March 23, 2016

Strategy: investment timing and analysis

Understanding the structure of different investment options is key to choosing what’s right for your objectives and risk profile. Sally Campbell from JBWere, explains the benefits of the main types of product you can include in your portfolio.

Strategy: Different investment structures – is anyone else confused?

LICs, ETFs, SMAs, ETPs, mFunds, unit trusts… I thought professionally managed products were introduced to make investing simple for private investors. Is anyone else confused by the ever increasing array of investment structures now available?  Well if you are, you are not alone.

I prepare a monthly update on listed managed investments and when I started preparing the document in late 2014 I included a section titled “New News” where we discuss any new ETFs, LICs or ETPs that listed during the month.  Initially, I thought this would be short-lived because not many new products come out each month.  In reality, there has been no shortage since then.

As investors, it is important to be able to differentiate investment structures so that you are aware of their characteristics and can identify which is most appropriate for your portfolio.

Unit Trusts

Often referred to as managed funds, unit trusts have been the core investment structure of the Australian market for many years now.

  1. Unit trusts have the largest product range and have enjoyed the most support within the Australian market.   There are over 3,200 unit trusts in the Morningstar Australia managed funds database.
  2. As a trust, these structures do not pay tax and are required to distribute all of the earnings in the year they are generated.
  3. Distributions vary in both the size and make-up (mix of realised capital gains and income) from year to year.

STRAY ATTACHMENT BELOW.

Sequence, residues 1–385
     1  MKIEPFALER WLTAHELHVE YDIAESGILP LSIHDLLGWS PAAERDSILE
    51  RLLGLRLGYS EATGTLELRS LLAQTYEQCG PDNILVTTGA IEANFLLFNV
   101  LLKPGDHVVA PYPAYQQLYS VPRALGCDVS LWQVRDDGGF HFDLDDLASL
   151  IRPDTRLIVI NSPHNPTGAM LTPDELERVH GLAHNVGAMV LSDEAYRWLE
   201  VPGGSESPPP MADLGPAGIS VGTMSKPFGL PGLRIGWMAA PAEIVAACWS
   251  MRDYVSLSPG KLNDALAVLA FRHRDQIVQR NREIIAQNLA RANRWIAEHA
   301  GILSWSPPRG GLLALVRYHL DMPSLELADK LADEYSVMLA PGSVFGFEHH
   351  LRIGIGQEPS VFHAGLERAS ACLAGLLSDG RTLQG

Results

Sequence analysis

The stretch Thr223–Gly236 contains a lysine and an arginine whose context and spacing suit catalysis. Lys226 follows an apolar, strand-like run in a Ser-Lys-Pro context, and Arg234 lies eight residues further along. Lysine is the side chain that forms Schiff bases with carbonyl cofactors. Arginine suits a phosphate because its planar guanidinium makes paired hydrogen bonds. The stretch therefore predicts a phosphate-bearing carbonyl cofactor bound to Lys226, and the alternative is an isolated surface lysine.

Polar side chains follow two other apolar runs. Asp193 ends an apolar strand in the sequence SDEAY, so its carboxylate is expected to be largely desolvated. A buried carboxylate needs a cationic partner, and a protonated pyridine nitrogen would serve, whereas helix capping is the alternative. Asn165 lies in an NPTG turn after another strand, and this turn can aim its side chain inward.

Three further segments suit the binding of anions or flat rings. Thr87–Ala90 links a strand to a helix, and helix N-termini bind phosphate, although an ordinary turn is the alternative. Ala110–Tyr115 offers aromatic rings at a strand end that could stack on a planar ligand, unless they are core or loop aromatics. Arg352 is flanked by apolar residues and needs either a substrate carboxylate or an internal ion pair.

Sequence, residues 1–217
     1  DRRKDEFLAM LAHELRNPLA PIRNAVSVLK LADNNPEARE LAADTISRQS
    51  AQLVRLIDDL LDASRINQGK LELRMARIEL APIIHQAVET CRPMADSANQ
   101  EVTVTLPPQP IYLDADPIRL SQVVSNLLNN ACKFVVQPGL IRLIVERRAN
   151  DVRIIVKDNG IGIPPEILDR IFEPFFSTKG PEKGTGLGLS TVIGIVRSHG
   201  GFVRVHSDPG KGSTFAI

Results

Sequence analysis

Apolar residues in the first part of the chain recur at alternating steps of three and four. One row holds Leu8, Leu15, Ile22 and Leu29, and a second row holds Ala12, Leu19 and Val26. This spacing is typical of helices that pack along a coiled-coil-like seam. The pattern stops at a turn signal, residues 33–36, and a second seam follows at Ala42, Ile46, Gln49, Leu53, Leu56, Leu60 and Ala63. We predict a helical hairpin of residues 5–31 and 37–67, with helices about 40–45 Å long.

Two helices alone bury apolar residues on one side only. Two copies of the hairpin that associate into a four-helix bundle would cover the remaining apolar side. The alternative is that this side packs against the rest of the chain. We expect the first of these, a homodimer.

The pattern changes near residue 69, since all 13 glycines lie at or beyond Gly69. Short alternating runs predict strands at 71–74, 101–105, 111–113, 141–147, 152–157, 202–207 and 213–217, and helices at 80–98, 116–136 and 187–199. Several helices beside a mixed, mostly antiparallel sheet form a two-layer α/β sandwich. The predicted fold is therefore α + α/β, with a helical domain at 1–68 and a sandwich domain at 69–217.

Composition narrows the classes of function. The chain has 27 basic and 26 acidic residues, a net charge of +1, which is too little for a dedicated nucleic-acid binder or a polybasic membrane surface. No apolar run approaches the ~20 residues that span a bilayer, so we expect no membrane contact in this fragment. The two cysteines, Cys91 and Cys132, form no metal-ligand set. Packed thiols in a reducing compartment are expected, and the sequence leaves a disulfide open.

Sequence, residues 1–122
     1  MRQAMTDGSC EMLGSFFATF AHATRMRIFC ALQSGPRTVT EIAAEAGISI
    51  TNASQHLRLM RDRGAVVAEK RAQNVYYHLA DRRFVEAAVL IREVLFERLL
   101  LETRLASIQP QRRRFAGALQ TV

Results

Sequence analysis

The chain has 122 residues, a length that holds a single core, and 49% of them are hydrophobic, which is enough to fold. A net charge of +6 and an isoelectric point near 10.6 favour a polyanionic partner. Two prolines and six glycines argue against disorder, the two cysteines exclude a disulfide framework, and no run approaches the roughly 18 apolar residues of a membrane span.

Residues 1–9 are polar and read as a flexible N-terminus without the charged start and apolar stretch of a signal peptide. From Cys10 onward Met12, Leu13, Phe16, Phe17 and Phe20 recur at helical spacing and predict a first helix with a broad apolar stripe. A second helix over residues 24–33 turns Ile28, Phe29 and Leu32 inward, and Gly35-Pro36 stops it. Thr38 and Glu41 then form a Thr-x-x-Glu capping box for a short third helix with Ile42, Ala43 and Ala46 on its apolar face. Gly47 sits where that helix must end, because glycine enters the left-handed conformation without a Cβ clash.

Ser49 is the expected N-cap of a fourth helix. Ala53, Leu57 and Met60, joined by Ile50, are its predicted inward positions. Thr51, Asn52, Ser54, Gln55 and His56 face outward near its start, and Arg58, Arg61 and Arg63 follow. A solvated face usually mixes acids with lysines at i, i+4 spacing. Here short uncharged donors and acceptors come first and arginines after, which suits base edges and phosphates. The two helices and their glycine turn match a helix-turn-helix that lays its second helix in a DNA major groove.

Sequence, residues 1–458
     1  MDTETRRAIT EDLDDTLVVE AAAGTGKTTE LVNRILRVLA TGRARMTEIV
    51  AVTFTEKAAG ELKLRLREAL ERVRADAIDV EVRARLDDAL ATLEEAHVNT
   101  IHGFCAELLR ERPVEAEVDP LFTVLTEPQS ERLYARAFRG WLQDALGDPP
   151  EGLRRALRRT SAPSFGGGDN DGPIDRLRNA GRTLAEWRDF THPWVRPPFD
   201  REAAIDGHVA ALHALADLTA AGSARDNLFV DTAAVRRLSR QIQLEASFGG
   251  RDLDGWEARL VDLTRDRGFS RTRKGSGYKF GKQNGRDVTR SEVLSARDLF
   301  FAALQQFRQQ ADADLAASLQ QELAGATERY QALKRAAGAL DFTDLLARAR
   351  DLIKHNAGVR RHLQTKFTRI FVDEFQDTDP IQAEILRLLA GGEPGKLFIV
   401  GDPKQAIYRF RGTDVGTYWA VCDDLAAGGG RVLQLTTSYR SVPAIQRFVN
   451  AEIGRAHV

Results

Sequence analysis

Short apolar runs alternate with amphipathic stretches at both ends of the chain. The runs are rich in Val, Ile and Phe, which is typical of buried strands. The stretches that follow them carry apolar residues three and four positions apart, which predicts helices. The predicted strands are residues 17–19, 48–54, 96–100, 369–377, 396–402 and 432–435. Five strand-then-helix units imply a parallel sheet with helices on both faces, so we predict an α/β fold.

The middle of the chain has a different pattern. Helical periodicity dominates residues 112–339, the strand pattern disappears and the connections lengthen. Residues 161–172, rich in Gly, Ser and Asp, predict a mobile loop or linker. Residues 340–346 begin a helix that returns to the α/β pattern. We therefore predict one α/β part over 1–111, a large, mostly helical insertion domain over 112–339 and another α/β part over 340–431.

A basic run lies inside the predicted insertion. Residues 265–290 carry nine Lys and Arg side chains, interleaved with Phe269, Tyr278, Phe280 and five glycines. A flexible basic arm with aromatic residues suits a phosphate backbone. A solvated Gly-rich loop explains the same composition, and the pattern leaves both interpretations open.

Examples include: WaveStone Australian Share Fund and Zurich Global Growth Fund.

Listed Investment Companies (LICs)

LICs also have a long track record and have been well supported over the years.

  1. As their name implies, LICs are listed on the stock market and can be traded throughout the day.
  2. LICs are companies, therefore do pay tax at the company tax rate and can also distribute dividends (often fully franked) to shareholders.  The company structure also ensures LICs can retain earnings, which can allow the company to smooth dividends over time.
  3. LICs can and do trade at a premium or discount to the underlying value of the portfolio.

Examples include: Magellan Global Equity Fund (MGE), BetaShares Australian Equities Bear Fund (BEAR)

Exchange Traded Funds (ETFs)

Interest in ETFs has increased over the last five years.

  1. ETFs are also listed on the stock market and can be traded throughout the day.
  2. But in contrast to LICs, ETFs are unit trust structures so there is no ability to retain earnings.
  3. ETF managers appoint market makers to ensure ETFs trade in line with the underlying value of the portfolio. Therefore, we don’t see the significant premium/discounts on ETFs that we can see in some LICs over time.

Examples include: iShares S&P 500 (IVV), SPDR S&P/ASX 200 Fund (STW).

Exchange Traded Products (ETPs)

ETP is a term used for a range of listed investments:

  1. It is most often used to refer to listed unit trusts that are not traditional passive ETFs, including the newly listed actively-managed ETFs.
  2. Once again, there can be considerable volatility in distributions from year to year.


mFunds are unlisted managed funds available for settlement under the ASX Operating Rules and through the mFund Settlement Service.

  1. Once again mFunds are unit trusts.
  2. The difference here is that they are traded through the mFund Settlement Service.
  3. mFunds are traded daily, but not throughout the day as is the case of LICs, ETFs and ETPs.

Examples include: Aberdeen Asian Opportunities Fund, Bennelong ex 20 Australian Equities Fund.

Separately Managed Accounts (SMAs)

SMAs are direct stock/bond/hybrid portfolios managed on a discretionary basis.

  1. Investors maintain beneficial ownership of the underlying securities.
  2. Investors have full transparency of the underlying portfolio.
  3. Capital gains outcomes are not pooled.

Examples include: JBWere Growth Portfolio, JBWere Fixed Income Portfolio.

As I have highlighted, there are advantages to each structure.  This summary will help guide you towards the most appropriate structures for your portfolio and objectives within your risk profile.  Please contact your adviser for more information.

By Sally Campbell, JBWere